We are the Knights (that’s pronounced phonetically - cuh-nig-its - as of the movie Monty Python and the Holy Grail) Who Say Cyclic, a group of High School students, all of whom attended 6thgrade at Challenger School. At Challenger, we each gained not only a respect of the English language but also the want to change the world. Our noble mission is to improve America, one step at a time – primarily by improving the U.S.’s tongue and correcting false ideas about how its government functions. To learn more, please visit our website at www.cuhnigits.org.

Tuesday, February 15, 2011

Democracy in the Middle East

You've probably heard of all that's going on in the Middle East.
Southern Sudan votes to secede.
Tunisia pressures their leader into exile.
In Egypt, riots lead the president to step down.
In Algeria, people are becoming restless to follow Egypt's example.
And in Yemen... same thing.
And in Iran.
Crazy, huh? And it all started - funnily enough - on Facebook. Social networking has connected people to such an extent that all this has been able to happen. Who'd have guessed?
Remember learning about the Red Scare, when capitalist countries like the US feared that communism would spread like falling dominoes to the nearby countries? (Which never happened, by the way.) Now it seems like democracy is doing the same thing. And, while we're on the subject, is that good or bad? A democracy may be preferable to a dictatorship, but... well, rule by the people can be dangerous, right? So, this may not be the optimal solution, but is it a step towards capitalism and republics in the Middle East?
Okay, I'm just so hyped about this. Sorry if I'm droning on. But please leave any profound thoughts in the comments of this post... I'd love to be able to get a good discussion going!!!
Zealously yours,


  1. And, P.S., there have been protests in Libya TOO, as of today!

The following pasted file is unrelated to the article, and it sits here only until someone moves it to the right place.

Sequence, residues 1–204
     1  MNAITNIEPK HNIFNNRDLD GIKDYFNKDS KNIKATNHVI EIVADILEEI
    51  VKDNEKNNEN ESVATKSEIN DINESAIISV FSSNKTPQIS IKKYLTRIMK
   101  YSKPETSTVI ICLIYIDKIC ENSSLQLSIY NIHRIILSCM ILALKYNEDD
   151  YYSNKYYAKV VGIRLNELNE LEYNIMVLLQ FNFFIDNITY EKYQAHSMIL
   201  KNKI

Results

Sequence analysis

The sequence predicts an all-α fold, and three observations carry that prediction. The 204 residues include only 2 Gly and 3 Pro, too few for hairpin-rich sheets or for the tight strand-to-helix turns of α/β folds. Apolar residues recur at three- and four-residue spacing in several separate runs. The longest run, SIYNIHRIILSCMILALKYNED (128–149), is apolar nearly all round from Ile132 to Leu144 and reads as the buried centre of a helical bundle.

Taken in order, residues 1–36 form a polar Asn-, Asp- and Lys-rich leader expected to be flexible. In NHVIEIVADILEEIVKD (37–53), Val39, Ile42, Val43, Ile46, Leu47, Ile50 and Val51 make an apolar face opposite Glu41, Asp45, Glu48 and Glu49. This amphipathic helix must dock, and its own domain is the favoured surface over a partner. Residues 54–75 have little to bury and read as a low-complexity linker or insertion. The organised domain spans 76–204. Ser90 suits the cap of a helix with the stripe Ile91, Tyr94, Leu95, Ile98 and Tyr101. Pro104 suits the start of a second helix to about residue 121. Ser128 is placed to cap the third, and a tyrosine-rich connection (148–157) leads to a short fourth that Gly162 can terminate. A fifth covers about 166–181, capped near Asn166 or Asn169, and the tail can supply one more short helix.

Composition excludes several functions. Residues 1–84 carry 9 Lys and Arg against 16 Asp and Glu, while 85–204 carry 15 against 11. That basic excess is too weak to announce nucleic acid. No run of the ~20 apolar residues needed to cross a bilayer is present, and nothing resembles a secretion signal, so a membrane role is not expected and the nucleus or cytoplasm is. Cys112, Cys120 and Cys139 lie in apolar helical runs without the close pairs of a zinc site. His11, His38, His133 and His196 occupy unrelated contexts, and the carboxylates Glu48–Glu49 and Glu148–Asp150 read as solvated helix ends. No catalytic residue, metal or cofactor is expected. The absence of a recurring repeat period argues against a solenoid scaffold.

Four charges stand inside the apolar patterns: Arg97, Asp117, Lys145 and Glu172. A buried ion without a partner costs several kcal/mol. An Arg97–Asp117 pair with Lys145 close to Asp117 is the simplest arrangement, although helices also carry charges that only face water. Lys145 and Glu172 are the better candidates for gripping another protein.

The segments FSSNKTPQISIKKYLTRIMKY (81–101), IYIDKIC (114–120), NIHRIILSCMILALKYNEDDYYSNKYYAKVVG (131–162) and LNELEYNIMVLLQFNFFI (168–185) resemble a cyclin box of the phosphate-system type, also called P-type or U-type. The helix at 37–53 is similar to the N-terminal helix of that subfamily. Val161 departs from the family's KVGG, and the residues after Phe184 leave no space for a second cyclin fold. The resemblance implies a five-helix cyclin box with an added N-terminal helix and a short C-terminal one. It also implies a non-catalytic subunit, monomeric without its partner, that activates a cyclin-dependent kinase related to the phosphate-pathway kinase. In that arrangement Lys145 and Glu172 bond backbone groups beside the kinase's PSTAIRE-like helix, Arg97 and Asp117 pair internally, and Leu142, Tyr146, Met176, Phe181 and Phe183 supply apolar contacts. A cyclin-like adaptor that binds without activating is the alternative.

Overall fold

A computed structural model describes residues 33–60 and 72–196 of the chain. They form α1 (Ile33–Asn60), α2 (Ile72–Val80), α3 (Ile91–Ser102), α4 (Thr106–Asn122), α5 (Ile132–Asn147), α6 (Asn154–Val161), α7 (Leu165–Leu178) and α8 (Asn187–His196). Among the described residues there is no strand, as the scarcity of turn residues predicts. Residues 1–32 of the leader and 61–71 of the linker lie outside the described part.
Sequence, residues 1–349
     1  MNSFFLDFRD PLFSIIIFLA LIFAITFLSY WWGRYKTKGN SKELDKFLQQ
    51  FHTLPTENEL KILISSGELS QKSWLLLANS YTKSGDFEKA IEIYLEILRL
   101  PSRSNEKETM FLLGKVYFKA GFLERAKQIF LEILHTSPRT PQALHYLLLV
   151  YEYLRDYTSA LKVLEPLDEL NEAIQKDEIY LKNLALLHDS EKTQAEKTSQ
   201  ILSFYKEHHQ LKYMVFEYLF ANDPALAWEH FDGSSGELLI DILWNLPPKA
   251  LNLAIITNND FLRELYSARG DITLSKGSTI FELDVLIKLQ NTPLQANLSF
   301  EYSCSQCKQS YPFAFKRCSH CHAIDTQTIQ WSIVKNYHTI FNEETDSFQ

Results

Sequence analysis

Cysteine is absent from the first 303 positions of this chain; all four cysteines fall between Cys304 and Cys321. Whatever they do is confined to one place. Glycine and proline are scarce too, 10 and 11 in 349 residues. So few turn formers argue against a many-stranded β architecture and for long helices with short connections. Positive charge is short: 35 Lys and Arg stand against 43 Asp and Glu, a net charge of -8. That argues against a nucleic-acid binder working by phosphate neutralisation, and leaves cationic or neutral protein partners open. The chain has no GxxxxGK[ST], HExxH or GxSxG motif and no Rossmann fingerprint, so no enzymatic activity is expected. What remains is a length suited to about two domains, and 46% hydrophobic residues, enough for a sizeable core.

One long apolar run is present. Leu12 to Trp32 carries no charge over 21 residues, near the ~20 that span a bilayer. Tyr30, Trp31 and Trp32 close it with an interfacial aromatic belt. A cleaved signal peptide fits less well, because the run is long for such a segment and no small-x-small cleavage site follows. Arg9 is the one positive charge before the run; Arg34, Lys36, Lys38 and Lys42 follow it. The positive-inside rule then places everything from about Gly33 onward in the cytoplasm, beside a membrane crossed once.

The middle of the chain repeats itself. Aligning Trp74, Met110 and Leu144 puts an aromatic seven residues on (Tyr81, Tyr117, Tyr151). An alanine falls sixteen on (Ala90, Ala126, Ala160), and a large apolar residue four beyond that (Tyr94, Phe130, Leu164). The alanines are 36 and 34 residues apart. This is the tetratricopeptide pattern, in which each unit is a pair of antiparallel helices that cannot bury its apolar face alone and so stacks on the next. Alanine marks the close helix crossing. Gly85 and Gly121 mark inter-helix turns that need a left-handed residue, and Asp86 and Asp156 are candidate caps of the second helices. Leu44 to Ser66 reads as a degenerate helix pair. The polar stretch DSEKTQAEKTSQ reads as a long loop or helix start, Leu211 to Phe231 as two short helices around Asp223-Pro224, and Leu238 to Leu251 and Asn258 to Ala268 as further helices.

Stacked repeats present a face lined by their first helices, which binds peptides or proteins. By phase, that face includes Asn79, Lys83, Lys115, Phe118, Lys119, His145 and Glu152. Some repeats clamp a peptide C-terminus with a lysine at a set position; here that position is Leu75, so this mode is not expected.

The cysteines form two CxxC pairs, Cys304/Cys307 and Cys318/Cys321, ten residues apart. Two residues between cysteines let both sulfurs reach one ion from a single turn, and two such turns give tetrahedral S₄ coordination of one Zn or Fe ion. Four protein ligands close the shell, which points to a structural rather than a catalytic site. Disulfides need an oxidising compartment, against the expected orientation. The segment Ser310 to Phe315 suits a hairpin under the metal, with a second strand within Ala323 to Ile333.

2. And now Bahrain too.
    Come on, does no one share my interest here?
    That's fine, of course. Regretable, but fine.
    Here's an interesting quote though, from a Bahraini encouraging his people after a masacre of a few demonstrators the other day : "To All Bahraini: we must never forget; never forgive." Thoughts on THAT, anyone?

  3. All right, your thoughts don't have to be PROFOUND like I asked for in the original post. Any comment would be accepted.

  4. Good, because I'm not the person to come to for profound stuff. It is crazy, all that is happening. Why so many places at once?

  5. Hahahaha! Thanks, I needed a laugh.
    You're "not the person to come to for profound stuff?" That's a good one, Laga! =)))
    I'd guess that there had to have been some restlessness in the Middle East beforehand. Then someone in Tunisia used the power of Facebook to stoke the fires that were in everyone's hearts, and they acted, and that was just what the Egyptians needed - proof that it could be done. And the Egyptians acted, and now the Libyans, Algerians, Iranians, Bahrainis, and the Yemenis want the same thing. Again, the domino affect. All the pieces were in place, they just needed a little shove.

  6. Next up: Pakistan.
    "I think Pakistan is completely ready for it," says Khan, an opposition politician with a growing following among Pakistan's youth. "In fact, it's even more ready than Egypt was." (from http://www.time.com/time/world/article/0,8599,2049747,00.html)
    AND, amazing, there have been protests in.... drumroll please.... CHINA! Mind-boggling. But I think chances of success are extremely low. About as high as Kim Jong Il being overthrown in North Korea. But who knows?

  7. Where are you, Odin/Baldr/Mira, in this conversation? And even Laga hasn't been on since Friday. =(

  8. Here I am!
    Now, I am leaving.

  9. Baldr, you make me laugh every time I read your comments. They are so pointless. In a good way. ^-^ Back on the subject. Now, honestly, I don't like democracy. People could potentially vote their rights away, with no way to get them back. I do agree that it is preferable over communism, but, well... people are people. Democracy would someway or another end up as communism. It certainly doesn't convince me that it would lead to a Republic. People just aren't that prone to luck. History has shown that.

  10. THANKS Bladr. =P You kabob.
    Mira: Loved that part about the pointless-ness of Baldr's comments. =) So true.
    This makes me think about something I've more recently learned about: Singapore. That little city/country has a super-high (relatively) quality of life, and a booming economy, but the people have not-so-many rights. Apparently, they are willing to sacrifice/POSTPONE human rights to focus entirely on the economy. And it's worked, I guess: they're a rich central port that's connected to just about everywhere. So yeah, go figure.

  11. Again, scourging ancient posts...
    I kind of want to start this conversation up again. If I may requote the quote I quoted earlier in the comments of this post, ""To All Bahraini: we must never forget; never forgive." This was said after the government massacred a bunch of peaceful protestors. So... what action do these circumstances demand?